Friday, March 3, 2017

Review: Superman #18

Superman #18 came out this week, the first part of the highly anticipated Superman Reborn storyline. This arc supposedly will answer all the questions about the nature of the current Superman ... or maybe I should say Supermen. Between the now dead New 52 Superman, the pre-Final Crisis current Superman, and the Clark doppelganger, it is hard to keep track of who is who and what is what. Added to all this mystery is the idea that has been floated around that maybe they are all the same person somehow split. Remember, the New 52 Lois actually said she understood everything that was going on, albeit right before she died.
To be honest, the mystery of 'Who is Clark Kent?' has been one of the more enjoyable aspects of the Rebirth run, mostly because I haven't been able to decipher the clues. Just when it all seemed to come into focus, that he is a depowered Superboy Prime, DC threw a curveball. Prime wasn't even listed as a candidate on an official house ad. Putting all this together with the growing and now lengthy Mr. Oz enigma and you have a gripping and very entertaining Superman Family of books. While I have been enjoying all this, I am eager to get to the end and have the curtain pulled away. I want to learn who Oz is!
It all starts in this great opening chapter by Peter Tomasi and Patrick Gleason. The creators have been focusing on the family life of Clark/Lois/Jon throughout their run and this issue is no different. We see just how their blissful their cozy life in Hamilton is, that is until disaster strikes. Those quiet opening moments make the rest of the issue feel that much more frightful. The Clark mystery remains just as baffling. All this blue energy crackling about - is it Dr. Manhatten? A Crisis riff? Magic?  And the issue starts with another look at Oz's realm. There is some information given here, images that should be stirring the pot a bit. But I remain just as perplexed.
Gleason is on art here. His work has that Rankin/Bass gloss that works in some scenes but seems a bit too cute in others. Still, nothing is so offbeat to pull me out of the story.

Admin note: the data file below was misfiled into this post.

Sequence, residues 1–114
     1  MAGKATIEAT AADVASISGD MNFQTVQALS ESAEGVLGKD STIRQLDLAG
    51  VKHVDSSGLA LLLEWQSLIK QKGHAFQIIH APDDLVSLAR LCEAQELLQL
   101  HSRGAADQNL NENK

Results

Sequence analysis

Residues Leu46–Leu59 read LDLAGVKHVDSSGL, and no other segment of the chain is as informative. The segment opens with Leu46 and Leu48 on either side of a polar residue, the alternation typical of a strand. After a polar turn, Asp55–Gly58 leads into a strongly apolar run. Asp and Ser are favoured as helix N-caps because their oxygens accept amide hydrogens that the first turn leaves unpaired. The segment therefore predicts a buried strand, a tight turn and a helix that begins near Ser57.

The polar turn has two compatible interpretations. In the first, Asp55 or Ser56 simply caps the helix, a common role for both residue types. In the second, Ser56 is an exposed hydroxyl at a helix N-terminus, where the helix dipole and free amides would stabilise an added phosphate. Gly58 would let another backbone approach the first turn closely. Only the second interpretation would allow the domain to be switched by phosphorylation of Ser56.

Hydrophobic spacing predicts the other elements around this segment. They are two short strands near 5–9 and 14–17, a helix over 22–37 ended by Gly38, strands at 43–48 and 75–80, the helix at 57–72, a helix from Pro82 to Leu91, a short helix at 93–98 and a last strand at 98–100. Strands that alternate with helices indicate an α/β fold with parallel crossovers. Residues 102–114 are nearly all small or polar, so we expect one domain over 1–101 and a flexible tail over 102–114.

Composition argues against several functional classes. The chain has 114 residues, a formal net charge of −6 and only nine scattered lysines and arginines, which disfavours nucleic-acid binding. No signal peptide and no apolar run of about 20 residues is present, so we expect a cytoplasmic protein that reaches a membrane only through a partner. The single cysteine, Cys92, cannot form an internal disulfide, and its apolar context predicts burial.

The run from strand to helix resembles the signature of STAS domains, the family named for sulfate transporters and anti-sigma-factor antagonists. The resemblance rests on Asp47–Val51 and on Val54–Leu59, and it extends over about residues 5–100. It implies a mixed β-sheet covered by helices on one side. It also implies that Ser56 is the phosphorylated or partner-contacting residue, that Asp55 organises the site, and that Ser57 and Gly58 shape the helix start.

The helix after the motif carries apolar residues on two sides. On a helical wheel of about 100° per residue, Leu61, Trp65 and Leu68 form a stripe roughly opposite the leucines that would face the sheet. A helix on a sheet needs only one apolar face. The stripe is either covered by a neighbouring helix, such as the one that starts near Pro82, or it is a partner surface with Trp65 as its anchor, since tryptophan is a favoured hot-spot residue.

On to the book.

Like I said, the opening scene starts out in Oz's realm. Is this simply a planet in the DC universe? A different dimension? A (dare I say it) Pocket Universe? 
The opening page has some vague questions about space and time, matter and energy. We see blue energy crackling until it forms a 4 point star. My instinct tells me that symbol wasn't picked by chance. But I can't figure out what it should be leading me too.
We then hear Tim Drake cackling that someone has escaped Oz's cells. We know about Tim, Doomsday, and Prophecy. But in looking at the landscape, it looks like there are many cells dotting this place. Does Oz have this many people imprisoned? And who are they all?
I am assuming that this cell is where the Clark being escaped from. It appears to dwarf the others, making me think whoever this Clark is, he is someone incredibly powerful. It reminds me of the tower Validus used to be housed in on Takron Galtos. But why would a human Clark, with no powers, need this sort of prison? And does all that space/time/matter/energy blue power suggest Manhatten?
One of my earliest guesses about Oz what that he is the depowered Jon Osterman and that the power of Manhatten was locked away in that massive vault. Maybe that was right?

And then we see the inside of the cell. Visually, I thought these were the most striking pages of the issue.
Whoever it was, they are clearly a Superman fan. The images look fitting for the surprint of Supes' Who's Who page. We see him rocketing to earth, being found by the Kents, flying with Lois. And oh so many sets of glasses!